The lack of global co-ordination in tackling the covid-19 outbreak has been truly shocking, but is that any wonder, given that last week, according to the German Government, the so-called leader of the free world offered CureVac “large sums of money” to make sure that the vaccine it is developing would be available only for those from the United States? Does the Foreign Secretary agree that Donald Trump’s response to this outbreak has been nothing but a disgrace?
I certainly agree with the right hon. Lady that we need a co-ordinated international response, and we need to get better internationally at that—the Prime Minister made that point during yesterday’s G7 conversation. I do not think that just bashing the Americans or the President of the US is a substitute for the sensible, practical measures that we need to take to bring British nationals, and also our European partners, home on the repatriation flights that we have organised, to deal with research and the vaccine mentioned by my hon. Friend Dr Johnson, and to increase the resilience and capacity of those vulnerable countries that are trying to deal with an even greater challenge. We are addressing all those issues. The Foreign Office is working with the Department for International Development, the Department of Health and Social Care, and the Ministry of Defence, and we are talking to all our partners right around the world.
The truth is that Donald Trump’s lack of international leadership has been quite extraordinary. He started by calling the outbreaks a hoax, comparing coronavirus to winter flu and dismissing health advice, but he now calls it the “foreign virus”, blaming Europe for its spread and today blaming China, and says that he takes no responsibility at all. Does the Secretary of State agree that it is shameful that such behaviour is what we have come to expect from the current American President, even at this time of global crisis?
I have to say to the right hon. Lady that I think we have done quite a good job in this House of trying to adopt a bipartisan approach. Whether domestically or internationally, finger-pointing just does not help in any shape or form. We are going to work with all our partners—the US, the Europeans, those in South America and those in Asia, as I have already mentioned—to try to forge the most effective response. That is what all our constituents expect and deserve.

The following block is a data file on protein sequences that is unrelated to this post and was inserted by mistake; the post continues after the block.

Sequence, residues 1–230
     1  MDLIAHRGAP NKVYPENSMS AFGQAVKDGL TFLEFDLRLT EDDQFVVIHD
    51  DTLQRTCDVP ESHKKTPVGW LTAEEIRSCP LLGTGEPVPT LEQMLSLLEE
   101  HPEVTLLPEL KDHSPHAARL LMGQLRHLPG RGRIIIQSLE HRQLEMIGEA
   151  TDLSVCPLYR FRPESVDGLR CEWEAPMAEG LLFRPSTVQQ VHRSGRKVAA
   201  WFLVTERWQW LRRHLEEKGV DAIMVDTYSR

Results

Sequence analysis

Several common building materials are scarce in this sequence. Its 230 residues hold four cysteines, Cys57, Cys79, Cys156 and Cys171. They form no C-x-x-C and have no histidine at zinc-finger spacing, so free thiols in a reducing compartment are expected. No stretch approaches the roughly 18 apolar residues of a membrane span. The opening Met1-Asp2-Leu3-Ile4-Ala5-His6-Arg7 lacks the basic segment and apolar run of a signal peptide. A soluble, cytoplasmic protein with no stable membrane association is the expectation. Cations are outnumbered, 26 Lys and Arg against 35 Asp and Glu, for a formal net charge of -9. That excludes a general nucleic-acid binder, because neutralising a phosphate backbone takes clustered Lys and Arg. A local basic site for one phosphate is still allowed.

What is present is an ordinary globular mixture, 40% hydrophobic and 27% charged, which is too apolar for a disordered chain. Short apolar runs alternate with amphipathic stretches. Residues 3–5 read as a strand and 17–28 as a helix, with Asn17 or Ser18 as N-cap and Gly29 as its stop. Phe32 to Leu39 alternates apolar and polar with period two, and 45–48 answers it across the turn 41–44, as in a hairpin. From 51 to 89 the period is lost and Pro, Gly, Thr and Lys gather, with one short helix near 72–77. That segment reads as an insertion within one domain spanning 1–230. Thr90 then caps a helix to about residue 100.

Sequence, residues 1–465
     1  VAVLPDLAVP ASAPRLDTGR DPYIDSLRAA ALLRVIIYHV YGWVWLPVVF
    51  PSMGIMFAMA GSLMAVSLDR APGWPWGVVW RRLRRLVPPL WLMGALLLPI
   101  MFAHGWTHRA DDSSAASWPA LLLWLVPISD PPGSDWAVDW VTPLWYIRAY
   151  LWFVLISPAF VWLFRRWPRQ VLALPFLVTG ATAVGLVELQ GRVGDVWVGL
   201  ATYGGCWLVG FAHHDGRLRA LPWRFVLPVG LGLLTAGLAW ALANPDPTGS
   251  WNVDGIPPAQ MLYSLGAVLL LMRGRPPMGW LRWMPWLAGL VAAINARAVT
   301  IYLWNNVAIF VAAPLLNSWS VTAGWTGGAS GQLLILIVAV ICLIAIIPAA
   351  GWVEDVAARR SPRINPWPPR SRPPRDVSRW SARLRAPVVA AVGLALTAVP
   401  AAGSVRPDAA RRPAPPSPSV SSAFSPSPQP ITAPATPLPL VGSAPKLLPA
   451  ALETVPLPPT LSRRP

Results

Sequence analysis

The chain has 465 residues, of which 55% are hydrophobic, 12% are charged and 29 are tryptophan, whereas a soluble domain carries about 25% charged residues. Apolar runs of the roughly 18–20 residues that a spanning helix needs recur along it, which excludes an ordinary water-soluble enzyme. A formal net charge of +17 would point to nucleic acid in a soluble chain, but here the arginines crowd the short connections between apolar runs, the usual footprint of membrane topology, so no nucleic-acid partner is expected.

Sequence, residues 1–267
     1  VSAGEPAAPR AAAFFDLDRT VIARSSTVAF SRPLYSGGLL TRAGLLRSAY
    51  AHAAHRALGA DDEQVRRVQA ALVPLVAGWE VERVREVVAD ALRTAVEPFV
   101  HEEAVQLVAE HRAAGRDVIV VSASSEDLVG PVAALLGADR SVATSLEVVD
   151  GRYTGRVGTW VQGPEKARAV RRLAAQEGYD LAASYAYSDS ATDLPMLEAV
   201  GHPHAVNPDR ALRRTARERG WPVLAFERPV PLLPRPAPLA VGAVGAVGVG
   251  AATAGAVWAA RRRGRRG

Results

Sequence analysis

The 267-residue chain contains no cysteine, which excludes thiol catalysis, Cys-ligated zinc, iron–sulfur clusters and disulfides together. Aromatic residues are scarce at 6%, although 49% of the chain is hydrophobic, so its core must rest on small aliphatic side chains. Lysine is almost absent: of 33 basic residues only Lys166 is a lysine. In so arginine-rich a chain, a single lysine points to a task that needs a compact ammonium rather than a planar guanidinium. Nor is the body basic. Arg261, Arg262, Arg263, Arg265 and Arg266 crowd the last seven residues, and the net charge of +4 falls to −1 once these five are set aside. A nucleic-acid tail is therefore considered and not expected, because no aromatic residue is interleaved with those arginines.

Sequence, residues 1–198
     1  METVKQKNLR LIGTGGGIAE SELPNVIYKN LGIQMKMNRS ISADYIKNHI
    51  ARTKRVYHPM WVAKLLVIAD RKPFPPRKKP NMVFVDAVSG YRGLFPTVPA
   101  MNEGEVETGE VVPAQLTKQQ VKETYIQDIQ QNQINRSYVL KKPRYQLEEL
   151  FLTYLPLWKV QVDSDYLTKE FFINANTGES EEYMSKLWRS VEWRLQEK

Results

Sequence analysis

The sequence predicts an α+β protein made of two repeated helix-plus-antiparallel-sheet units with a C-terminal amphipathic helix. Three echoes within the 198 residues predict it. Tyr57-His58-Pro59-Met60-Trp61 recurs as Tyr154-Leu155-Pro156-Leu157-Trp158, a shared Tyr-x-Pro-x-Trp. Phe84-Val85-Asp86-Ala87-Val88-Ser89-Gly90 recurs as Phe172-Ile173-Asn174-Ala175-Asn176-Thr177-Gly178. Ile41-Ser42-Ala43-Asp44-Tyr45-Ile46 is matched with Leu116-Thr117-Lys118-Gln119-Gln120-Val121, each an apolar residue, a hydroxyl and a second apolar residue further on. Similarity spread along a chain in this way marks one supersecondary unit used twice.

Aman Nasir and Laura Bartley, two of my constituents, are among 100 Brits trapped in Lima, Peru. They say that they cannot get through to our embassy in that country, so how are the Government ensuring that all Brits trapped elsewhere can access embassies and missions that are resourced to answer their queries and to get them home as soon as possible?
We understand the concern of any constituent who finds themselves in a vulnerable position and also, of course, that of MPs who are trying to do their best. We have beefed up the support we are providing. There is a parliamentary hotline for MPs, and I will make sure that Ministers give the hon. Gentleman all the details so that he can provide the most support and up-to-date advice to his constituents.
I very much welcome my right hon. Friend’s response today, but does he remember from the Ebola crisis only a few years ago the woeful and very slow approach of the World Health Organisation? Does he not feel that we are seeing a similar response from the WHO today? Can he assure me that he is working with international partners to ensure that there is a proper, co-ordinated response despite the WHO, and that that will be the foundation for building a new international co-operative response?
I thank my hon. Friend, the Chair of the Foreign Affairs Committee. We are doing our level best as the UK to forge the strongest consensus possible. We have a total aid envelope of £241 million of funding. We are providing up to £150 million of that to the International Monetary Fund, £10 million to the WHO, £5 million to the Red Cross and £5 million to UNICEF. It is important that we work as collaboratively as possible with all our international partners—the WHO, but also those working in the voluntary sector, who often have particularly good expertise and access on the ground where it is needed most.